Apple iTunes Customers Targeted By Phishers

Anyone paying any attention at all should be able to detect the difference between "" and "," security experts report.

(click image for larger view)

A screen shot of the fake Apple Store.

Having delivered consistently strong financial results over the past year, displaced Wal-Mart as the leading U.S. music retailer, stormed into the mobile phone market, and outperformed the rest of the computer industry, Apple has never looked more polished.

But Apple's success has a downside: There are now enough Apple customers to attract cybercriminals.

Phishers have begun using Apple's brand as bait. Communications security company Proofpoint has detected a phishing message that attempts to exploit Apple's name. A screen shot provided by Proofpoint shows a fake version of the Apple Store that has been set up to steal personal information.

"The bad guys have moved on from trying to take advantage of eBay or Citibank," said Andrew Lochart, VP of product marketing at Proofpoint. "I guess this means that Apple is now a top-tier Internet retailer. The bad guys are trying to use Apple's brand to commit identity theft."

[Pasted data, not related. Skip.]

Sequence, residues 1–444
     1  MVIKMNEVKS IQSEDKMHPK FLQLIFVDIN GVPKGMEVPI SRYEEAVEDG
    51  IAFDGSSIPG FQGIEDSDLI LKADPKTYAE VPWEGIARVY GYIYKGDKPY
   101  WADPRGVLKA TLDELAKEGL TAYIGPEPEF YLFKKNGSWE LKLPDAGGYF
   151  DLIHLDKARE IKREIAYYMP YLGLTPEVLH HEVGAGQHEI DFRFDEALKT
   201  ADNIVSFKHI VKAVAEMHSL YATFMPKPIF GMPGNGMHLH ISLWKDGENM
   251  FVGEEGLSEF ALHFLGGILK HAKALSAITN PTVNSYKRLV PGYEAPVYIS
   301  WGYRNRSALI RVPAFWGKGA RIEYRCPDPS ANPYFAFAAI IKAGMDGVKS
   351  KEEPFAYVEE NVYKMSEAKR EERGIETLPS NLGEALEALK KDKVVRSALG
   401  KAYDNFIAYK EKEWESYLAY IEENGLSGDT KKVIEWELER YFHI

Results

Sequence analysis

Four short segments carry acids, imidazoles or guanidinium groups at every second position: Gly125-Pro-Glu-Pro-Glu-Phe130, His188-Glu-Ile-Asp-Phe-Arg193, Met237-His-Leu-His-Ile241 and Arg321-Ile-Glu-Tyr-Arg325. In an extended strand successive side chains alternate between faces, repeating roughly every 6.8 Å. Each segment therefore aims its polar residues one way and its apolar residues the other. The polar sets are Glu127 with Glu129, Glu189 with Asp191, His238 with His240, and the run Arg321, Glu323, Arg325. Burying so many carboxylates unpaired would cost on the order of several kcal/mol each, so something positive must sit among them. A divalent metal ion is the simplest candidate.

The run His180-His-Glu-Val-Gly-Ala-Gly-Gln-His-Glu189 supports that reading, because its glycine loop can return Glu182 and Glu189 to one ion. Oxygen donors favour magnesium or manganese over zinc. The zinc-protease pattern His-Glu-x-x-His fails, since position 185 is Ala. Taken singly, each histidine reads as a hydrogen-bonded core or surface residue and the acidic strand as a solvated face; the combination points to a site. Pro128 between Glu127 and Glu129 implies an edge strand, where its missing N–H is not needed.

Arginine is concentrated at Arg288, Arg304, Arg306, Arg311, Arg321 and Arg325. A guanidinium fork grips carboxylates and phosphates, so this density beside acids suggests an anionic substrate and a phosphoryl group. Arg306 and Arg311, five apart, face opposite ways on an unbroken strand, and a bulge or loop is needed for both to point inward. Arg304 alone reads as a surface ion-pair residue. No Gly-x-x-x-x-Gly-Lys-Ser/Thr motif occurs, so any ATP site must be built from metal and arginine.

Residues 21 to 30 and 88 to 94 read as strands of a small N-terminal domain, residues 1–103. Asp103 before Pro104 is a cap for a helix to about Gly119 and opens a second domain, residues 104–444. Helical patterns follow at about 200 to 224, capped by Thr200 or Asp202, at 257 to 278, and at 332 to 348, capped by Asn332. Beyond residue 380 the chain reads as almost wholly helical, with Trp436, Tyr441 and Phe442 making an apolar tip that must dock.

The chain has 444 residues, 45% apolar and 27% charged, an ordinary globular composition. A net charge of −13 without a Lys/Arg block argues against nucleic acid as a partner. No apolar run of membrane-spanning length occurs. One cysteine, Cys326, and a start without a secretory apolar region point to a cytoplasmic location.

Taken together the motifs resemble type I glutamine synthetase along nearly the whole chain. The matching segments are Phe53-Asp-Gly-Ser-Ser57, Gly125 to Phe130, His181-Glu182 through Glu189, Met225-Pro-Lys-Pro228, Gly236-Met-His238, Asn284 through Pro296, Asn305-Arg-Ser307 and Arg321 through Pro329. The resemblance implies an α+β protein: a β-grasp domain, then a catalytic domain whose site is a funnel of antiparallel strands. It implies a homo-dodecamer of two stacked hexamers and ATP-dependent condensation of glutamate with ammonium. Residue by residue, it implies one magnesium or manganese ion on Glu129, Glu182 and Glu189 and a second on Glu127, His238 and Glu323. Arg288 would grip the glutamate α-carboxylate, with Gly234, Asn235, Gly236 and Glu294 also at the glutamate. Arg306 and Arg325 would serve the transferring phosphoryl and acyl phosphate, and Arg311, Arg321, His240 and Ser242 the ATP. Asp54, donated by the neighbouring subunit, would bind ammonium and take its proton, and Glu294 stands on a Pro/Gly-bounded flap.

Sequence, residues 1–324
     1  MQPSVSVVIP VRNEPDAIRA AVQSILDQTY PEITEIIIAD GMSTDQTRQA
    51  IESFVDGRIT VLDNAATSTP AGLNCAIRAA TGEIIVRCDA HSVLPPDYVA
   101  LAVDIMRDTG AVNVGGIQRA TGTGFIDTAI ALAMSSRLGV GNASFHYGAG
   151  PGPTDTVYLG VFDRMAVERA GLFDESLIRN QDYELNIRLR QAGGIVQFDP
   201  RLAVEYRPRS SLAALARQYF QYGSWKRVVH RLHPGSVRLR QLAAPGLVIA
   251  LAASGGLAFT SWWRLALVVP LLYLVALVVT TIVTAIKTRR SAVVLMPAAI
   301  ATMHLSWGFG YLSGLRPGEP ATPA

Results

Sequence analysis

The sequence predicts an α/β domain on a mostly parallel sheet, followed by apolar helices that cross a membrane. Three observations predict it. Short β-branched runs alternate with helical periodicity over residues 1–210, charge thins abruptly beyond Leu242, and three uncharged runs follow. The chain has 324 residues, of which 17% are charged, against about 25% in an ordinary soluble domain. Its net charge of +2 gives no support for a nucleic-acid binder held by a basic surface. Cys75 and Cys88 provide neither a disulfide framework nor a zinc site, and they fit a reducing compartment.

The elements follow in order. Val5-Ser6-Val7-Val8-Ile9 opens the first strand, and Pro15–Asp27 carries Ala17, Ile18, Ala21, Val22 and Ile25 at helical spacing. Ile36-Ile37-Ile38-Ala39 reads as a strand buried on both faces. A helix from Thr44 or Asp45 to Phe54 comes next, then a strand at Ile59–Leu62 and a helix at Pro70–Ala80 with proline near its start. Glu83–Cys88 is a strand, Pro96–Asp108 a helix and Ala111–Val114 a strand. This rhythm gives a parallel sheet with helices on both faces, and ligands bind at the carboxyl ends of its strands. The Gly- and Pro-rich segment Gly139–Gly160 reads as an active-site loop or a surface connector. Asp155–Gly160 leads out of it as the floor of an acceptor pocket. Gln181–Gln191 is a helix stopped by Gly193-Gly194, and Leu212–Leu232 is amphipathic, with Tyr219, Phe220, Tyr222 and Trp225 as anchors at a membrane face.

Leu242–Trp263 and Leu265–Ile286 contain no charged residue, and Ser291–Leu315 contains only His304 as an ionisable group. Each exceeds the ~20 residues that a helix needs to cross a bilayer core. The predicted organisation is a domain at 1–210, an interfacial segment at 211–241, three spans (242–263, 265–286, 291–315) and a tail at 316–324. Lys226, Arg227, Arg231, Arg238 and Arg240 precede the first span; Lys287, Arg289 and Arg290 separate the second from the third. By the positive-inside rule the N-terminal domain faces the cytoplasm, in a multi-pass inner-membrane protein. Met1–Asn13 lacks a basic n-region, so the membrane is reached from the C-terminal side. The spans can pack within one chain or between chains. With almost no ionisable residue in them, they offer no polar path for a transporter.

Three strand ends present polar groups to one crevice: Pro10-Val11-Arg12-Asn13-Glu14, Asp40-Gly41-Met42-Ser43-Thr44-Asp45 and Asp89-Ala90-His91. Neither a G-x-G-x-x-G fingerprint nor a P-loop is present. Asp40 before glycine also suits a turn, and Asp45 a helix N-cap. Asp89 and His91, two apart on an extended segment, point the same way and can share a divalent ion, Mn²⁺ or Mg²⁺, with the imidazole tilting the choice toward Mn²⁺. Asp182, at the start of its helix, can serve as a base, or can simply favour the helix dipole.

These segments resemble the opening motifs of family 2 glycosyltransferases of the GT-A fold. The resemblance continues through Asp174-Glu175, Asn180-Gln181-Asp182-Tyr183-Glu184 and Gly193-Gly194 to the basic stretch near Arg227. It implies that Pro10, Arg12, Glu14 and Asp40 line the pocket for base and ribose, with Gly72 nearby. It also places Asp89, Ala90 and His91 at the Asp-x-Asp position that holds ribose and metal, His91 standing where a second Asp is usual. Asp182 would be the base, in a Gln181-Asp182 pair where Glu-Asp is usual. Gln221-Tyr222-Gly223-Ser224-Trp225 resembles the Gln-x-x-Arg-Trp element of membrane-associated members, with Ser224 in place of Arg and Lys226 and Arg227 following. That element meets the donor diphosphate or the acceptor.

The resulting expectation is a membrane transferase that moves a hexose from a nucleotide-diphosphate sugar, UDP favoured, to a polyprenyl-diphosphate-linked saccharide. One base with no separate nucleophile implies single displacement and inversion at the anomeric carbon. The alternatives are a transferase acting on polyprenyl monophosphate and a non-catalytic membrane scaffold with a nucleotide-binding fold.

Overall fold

Lochart acknowledged that the URL used in this phishing attack "is not the best attempt I've ever seen to obfuscate a malicious URL." Indeed, anyone paying any attention at all will detect the difference between "" and ""

If this phishing expedition fails to generate any response, those responsible may turn their attention back to more traditionally phished brands.

But don't count on it. Several years ago, Apple's small share of the PC market was seen as the major reason that malware writers didn't try to craft Apple-specific exploits. With Mac OS X now appearing on iPhones and Apple computers, and the proliferation of Apple's iTunes, QuickTime, and Safari software on both Mac OS X and Windows devices, scammers now have large pool of potential victims to target with Apple-oriented attacks.

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Samuel Greengard, Contributing Reporter
Cynthia Harvey, Freelance Journalist, InformationWeek
Carrie Pallardy, Contributing Reporter
John Edwards, Technology Journalist & Author
Astrid Gobardhan, Data Privacy Officer, VFS Global
Sara Peters, Editor-in-Chief, InformationWeek / Network Computing